Many of these all cash buyers were investment or hedge funds, domestic and foreign. Obviously, the mortgage lending markets have tightened up significantly since 2007 with the Jumbo Mortga...
The ongoing and worsening Credit Crisis continues at a rapidly escalating downward spiraling pace. The various bailout programs offered by governments and Central Banks worldwide have done absolutely nothing to help the everyday citizen on the street.
These bailout programs have only worsened the financial crisis worldwide, and have adversely impacted our once capitalistic wa...
Since the Credit Crisis began back in the Summer of 2007, both commercial and residential property values have fallen significantly throughout the USA. As I have written before, property owners are more likely to walk away from their “upside down” homes, office buildings, retail shopping centers, or other types of properties if their existing mortgage debt exceeds their current market value.
Thankfully, home prices have begun to stabilize or increase in price ranges of between 5% and 20%...
Real Estate: An Exceptional Hedge Against Inflation
Whether one believes annual government statistics which allege 3% to 4% annual rates of inflation or if one chooses to take a closer look at the costs for their goods and services in real life which seem to increase in price closer to 8% to 10% + each and every single year, I do know that the cost of gasoline, food, water, and utilities has skyrocketed in recent years thanks to our weakening U.S. Dollar.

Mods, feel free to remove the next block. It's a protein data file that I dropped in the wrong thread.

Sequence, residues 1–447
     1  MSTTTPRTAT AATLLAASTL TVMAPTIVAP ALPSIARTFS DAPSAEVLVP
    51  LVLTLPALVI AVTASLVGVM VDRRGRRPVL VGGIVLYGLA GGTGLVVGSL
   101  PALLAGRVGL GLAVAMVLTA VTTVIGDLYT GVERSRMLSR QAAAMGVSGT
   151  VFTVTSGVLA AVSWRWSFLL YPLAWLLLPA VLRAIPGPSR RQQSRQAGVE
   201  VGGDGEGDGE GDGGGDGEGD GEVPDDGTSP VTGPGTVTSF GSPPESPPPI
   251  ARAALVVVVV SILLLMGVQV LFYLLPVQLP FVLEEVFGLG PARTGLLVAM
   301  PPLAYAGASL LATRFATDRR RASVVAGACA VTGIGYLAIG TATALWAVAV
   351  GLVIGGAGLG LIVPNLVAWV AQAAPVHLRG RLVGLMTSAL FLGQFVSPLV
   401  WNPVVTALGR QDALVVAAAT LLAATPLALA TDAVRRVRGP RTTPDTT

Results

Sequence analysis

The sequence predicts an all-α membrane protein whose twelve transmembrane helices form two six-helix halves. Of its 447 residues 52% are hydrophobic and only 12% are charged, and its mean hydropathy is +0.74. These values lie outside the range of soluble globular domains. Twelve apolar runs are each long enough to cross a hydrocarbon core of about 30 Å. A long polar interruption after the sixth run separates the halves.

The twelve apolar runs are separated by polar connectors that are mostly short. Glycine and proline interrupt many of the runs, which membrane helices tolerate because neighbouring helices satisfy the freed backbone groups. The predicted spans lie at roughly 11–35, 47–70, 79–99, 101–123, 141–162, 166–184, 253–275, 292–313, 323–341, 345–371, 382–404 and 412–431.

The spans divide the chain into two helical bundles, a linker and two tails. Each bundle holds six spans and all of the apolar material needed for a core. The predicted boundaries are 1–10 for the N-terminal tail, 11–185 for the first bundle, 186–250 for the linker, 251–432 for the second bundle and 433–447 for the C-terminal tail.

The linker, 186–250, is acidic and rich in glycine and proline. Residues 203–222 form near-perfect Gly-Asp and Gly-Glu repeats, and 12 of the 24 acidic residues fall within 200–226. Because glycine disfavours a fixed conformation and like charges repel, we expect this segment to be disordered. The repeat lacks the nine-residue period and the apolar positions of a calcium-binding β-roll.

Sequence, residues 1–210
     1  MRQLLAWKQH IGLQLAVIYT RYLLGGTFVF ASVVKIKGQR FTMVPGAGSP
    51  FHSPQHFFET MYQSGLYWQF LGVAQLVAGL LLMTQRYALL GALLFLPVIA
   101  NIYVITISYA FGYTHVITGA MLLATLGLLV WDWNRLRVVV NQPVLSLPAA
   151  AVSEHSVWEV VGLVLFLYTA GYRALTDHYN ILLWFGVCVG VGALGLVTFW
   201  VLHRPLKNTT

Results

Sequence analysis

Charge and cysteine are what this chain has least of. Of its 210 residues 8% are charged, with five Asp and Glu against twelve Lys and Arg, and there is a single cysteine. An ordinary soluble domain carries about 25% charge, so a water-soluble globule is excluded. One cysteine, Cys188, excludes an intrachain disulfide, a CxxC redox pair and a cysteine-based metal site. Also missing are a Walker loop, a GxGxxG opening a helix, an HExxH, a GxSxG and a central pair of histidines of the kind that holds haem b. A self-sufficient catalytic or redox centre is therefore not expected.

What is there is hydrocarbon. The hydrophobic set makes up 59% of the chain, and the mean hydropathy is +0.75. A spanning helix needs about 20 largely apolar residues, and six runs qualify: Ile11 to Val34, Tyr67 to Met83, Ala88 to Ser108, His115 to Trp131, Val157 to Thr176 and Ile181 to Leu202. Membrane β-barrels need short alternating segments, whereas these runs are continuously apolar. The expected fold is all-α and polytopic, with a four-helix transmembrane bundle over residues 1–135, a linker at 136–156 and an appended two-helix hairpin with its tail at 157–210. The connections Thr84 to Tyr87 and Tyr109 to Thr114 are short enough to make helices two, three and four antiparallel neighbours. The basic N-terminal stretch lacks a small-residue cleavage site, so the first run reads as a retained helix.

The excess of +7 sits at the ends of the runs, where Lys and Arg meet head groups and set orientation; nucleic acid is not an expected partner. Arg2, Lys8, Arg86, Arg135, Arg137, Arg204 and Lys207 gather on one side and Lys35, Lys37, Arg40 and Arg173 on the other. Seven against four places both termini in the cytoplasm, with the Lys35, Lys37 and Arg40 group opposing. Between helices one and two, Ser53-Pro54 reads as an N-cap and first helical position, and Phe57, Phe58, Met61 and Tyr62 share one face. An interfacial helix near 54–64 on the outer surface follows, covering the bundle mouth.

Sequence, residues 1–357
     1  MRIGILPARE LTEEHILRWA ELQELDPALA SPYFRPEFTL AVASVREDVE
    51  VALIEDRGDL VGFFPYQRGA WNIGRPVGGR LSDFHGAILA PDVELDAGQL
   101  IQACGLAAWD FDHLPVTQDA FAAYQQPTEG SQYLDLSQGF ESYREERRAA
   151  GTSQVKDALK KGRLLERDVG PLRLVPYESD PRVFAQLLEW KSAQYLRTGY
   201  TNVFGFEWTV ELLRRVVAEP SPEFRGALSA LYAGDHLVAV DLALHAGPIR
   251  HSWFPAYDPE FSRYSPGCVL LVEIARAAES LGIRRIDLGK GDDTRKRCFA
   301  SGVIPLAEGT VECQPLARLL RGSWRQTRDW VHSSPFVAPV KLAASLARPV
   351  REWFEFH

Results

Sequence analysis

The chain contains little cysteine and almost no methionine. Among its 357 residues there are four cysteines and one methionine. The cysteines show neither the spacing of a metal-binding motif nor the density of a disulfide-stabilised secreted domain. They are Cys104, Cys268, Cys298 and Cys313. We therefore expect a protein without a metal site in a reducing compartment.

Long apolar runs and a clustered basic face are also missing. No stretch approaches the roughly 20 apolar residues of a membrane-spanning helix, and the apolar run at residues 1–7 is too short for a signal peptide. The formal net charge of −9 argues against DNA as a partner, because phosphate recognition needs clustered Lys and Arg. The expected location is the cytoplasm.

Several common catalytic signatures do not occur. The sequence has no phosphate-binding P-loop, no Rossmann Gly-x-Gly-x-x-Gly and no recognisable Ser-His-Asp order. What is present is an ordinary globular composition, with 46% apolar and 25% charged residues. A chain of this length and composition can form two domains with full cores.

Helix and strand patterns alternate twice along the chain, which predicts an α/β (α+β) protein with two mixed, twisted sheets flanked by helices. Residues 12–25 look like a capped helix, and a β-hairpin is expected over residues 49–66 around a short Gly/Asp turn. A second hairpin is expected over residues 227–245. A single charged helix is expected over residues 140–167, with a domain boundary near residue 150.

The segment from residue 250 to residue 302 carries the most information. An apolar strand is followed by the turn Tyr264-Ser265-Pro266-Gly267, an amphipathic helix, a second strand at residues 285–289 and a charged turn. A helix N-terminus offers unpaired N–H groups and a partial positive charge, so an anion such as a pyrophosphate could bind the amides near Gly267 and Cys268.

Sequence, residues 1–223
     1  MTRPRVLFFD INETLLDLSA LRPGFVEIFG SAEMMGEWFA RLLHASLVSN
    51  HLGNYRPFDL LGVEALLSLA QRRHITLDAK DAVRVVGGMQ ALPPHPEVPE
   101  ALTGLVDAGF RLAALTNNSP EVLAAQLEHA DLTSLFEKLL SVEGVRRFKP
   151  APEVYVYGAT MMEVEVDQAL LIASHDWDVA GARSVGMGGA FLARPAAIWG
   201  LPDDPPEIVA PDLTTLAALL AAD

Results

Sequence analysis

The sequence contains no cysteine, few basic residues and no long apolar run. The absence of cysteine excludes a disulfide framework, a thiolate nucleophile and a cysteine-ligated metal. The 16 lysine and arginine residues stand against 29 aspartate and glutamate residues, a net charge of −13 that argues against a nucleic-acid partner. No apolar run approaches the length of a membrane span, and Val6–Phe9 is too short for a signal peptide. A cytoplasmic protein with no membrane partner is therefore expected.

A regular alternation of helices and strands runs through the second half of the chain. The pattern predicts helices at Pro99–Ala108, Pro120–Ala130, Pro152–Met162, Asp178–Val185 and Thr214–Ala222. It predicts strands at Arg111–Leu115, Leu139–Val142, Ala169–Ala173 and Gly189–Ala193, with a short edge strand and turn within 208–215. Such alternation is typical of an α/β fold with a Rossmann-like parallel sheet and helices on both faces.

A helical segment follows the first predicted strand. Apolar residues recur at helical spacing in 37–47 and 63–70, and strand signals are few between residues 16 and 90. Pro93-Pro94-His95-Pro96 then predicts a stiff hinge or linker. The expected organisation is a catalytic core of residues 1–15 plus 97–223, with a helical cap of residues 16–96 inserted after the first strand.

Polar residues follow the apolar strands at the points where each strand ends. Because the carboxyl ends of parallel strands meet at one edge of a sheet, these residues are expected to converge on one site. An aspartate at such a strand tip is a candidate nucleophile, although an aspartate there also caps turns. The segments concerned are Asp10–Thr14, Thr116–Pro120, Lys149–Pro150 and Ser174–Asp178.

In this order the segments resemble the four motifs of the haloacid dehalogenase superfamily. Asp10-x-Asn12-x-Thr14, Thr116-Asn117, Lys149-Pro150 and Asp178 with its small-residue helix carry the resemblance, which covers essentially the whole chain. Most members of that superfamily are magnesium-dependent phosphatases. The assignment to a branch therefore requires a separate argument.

Historically, real estate has been one of the best forms of investment...
The Shadow Inventory vs. Declining Home Listing Inventory
How is it possible that home listing inventories have fallen in many regions by upwards of 30% to 70% in year over year comparison numbers in spite of our ongoing sluggish economy? With the rapid home listing number declines in various regions, then many homes have increased in value by 5% to 17%+ just over the past year as well.
Are there potentially several million "Shadow Inventory" foreclosure homes which may have been delayed partly due to a wide variety of legal and financia...
What is easier to fund today - commercial or residential loans?
Are commercial real estate loans easier to find than residential loans today? Had I asked that question back in 2007, most people would have then said “No way.” Today, many investors and brokers may have to really think about it first prior to giving an answer one way or another.
Since the last real estate market peak near 2007, both the residential and commercial market sectors have sadly experienced massive price declines. In many cases, homes, retail shopping centers, land, hotels, a...